Yesterday morning, around 9 a.m., three teenagers participating in a summer program at Virginia Tech told police they saw a suspicious looking man briskly walking about the campus carrying what might have been a firearm concealed under a cloth.
This report immediately kicked off a huge manhunt around campus grounds. Police exhaustively searched the 150 buildings on the square-mile campus, as VT’s own emergency procedures kicked in, which included the lockdown of classrooms and the dissemination of relevant information via VT’s emergency alert program (mass text messages and emails) to the 6,500 employees and thousands of students who were on campus attending summer classes.
After hours of scouring the campus, the VT Police along with the four other police departments assisting in the search did not find the alleged, 6-ft tall, brown haired, Caucasian gunman who was reported wearing a blue-and-white stripped shirt, gray shorts and brown sandals. At approximately 3 p.m. authorities gave the “all-clear” signal.
University officials later released this statement “There will continue to be a large police presence on campus today. Police have not received nor discovered additional information about a person possibly carrying a weapon beyond that reported this morning The university community may resume normal campus activity.”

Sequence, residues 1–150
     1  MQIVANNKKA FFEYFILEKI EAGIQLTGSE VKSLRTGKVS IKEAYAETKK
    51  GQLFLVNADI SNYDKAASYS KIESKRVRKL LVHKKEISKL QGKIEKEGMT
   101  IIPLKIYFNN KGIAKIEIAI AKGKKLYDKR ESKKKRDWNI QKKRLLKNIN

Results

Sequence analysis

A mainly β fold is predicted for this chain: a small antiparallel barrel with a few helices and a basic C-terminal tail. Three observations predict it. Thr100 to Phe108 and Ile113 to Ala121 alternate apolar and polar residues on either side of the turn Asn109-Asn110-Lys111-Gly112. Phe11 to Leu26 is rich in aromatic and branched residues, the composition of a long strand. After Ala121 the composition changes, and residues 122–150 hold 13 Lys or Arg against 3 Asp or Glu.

In the backdrop of this high-alert situation is the looming presence of the 2007 massacre where Seung-Hui Cho, a VT student, walked onto campus with his .22-caliber Walther P22 semi-automatic handgun and 9 mm semi-automatic Glock 19 and murdered 32 people and wounded 25 others before taking his own life.
Larry Hinker, a Virginia Tech spokesman said with respect to the heavy-handed safety response, “We’re in a new era. Obviously this campus experienced something pretty terrible four years ago. Regardless of what your intuition and your experience as a public safety officer tells you, you are really forced to issue an alert.”
He also told reporters, “This is simply the world we live in today; people expect and want to know exactly what’s happening. You need to communicate first and investigate later and that’s what we did.”
“Virginia Tech — ever since 4/16 — we’ve been so paranoid. We hear about everything that goes on campus, which is good, but sometimes people freak out when it’s a false alarm,” she Rachel Larson, a Virginia Tech student who lives off-campus.